Sunday, May 07, 2006

Social conservatives really aren't anti-abortion

If they were, they'd be advocating some of the successful policies that the Netherlands and other European countries have followed. This essay shows that preventing abortion is not their primary agenda:

http://www.nytimes.com/2006/05/07/magazine/07contraception.html

What is REALLY scary is the willingness to distort science in order to achieve their ideological goal of taking us back to the 19th century -- a time with horrific levels of sexually transmitted diseases. As late as some years of the 1910s, syphillis was one of the ten leading causes of death in America. And it is scary also that some Jews support these efforts despite our muich more lenient attitude towards birth control, and a somewhat more lenient attitude towards abortion than that of the Catholic Church and some evangelical churches.

5 Comments:

Anonymous Anonymous said...

I think you're being a bit disingenuous here - they have other goals in addition to disagreeing with abortion. Simply adopting models exclusively focused on fighting abortion would therefore be inconsistent.

You don't have to agree with their goals, but they're hardly being inconsistent. And yes, their willingness to pervert science is as disagreeable is the tidal wave of ad hominem attacks directed at Bjorn Lomborg when he deviated from the party line of global warming. (I'm not defending either approach. Just providing equal time.)

- Moishe Potemkin, non-partisan warrior

8:50 AM  
Blogger Charlie Hall said...

'Just providing equal time.'

I'm surprised to hear a relativist argument coming from you, Moishe.

9:47 AM  
Anonymous Anonymous said...

Yeah, I know. I get punchy sometimes. I don't mean it.

- MP

11:01 AM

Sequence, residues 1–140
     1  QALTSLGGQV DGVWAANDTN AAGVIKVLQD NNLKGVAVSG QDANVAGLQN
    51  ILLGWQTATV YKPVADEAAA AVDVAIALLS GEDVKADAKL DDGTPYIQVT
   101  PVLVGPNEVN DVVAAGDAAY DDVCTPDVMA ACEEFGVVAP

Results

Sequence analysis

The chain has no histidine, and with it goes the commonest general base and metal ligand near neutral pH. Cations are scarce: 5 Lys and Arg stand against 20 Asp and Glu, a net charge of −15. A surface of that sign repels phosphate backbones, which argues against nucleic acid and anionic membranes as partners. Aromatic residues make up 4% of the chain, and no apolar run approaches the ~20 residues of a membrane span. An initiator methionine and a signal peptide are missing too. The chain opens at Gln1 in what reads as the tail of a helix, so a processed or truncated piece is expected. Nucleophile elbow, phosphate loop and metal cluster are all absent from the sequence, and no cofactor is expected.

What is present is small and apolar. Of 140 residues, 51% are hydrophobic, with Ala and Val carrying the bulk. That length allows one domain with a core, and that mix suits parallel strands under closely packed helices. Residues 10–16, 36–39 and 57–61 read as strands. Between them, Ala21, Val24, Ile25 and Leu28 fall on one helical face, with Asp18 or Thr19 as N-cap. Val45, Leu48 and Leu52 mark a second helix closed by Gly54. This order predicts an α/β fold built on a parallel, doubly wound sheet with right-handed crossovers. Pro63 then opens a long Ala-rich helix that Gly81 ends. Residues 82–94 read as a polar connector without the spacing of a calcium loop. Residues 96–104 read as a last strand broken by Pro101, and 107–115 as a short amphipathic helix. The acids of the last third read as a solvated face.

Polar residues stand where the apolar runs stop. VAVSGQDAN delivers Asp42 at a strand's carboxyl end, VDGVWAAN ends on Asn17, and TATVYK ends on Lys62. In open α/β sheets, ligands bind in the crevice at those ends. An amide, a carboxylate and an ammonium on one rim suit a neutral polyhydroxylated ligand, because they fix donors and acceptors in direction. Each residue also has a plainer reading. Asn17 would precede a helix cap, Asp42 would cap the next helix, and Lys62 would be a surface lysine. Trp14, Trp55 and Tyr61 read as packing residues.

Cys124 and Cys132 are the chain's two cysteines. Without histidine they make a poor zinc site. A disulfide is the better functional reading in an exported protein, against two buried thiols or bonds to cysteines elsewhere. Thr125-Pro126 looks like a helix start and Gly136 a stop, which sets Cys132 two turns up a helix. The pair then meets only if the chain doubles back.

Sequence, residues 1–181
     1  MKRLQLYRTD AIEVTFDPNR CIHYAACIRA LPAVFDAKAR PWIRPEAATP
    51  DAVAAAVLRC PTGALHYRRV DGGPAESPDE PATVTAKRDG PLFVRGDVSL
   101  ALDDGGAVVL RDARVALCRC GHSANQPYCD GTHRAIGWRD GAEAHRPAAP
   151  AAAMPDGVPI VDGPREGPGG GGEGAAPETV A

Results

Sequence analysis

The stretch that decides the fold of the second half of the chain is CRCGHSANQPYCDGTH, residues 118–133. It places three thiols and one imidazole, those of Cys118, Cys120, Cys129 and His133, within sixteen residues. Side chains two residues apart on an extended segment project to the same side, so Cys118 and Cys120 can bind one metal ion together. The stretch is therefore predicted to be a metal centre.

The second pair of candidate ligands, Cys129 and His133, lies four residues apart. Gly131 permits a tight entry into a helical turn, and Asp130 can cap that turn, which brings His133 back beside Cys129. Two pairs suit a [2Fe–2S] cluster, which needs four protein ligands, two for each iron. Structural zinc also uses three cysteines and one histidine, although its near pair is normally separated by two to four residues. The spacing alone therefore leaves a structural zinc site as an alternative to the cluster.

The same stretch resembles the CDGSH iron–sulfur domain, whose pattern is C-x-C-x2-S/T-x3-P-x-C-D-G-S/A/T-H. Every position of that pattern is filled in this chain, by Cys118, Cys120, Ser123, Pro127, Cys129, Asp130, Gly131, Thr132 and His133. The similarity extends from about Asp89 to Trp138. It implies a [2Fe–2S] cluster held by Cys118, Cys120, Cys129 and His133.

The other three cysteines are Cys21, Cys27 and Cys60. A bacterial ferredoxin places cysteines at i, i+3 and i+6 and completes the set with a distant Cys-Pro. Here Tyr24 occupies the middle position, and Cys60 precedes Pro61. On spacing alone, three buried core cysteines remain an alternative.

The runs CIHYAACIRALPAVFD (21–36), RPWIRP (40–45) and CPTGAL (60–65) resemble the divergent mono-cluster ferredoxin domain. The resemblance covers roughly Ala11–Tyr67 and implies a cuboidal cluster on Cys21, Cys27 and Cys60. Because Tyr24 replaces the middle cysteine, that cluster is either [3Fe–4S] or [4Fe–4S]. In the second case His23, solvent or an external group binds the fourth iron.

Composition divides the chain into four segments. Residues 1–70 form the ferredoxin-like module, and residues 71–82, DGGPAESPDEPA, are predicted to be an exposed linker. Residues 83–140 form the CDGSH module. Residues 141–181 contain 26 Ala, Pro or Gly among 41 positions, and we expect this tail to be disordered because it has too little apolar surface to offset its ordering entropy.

Anonymous tzurah said...

I read that NYTimes magazine article, too. Pretty disturbing. I can understand that for a lot of traditionally-minded people, simply the idea of pregnancy being an incovenience is anathema. Babies are a blessing, after all. I am certainly troubled by the extreme ambivalence I see in many young, modern Jews towards being a parent compared to their more frum peers. I appreciate how the whole notion of promoting birth control can be seen as stemming from the lack of value placed in having children. I'm all for kiruv professionals promoting the idea that having kids is a wonderful thing to do.

However, coming out too strongly against birth control in order to spread this message seems utterly misguided. The likelihood that reducing the availability of birth control will in itself get people to actually warm up to the idea of having babies seems incredibly remote. The logic can be worked out, but it's so indirect! It the meantime, the policy will certainly lead to many lives being wrecked unnecessarily.

For those who are already moral and good (that is, presently being in or looking forward to being in a monogamous relationship with many kids), blocking the availabilty of birth control will result in a society more in line with their ideals. This more perfect society will, however, result in increased suffering among the many people who have not had the chance to become similarly enlightened. This sort of utopianism is very seductive, but leads to virtuous, idealistic people causing harm.

3:29 PM  
Blogger Charlie Hall said...

"This sort of utopianism is very seductive, but leads to virtuous, idealistic people causing harm."

In the 20th century, utopian idealism resulted in mass murder on a scale never seen in human history.

1:44 PM  

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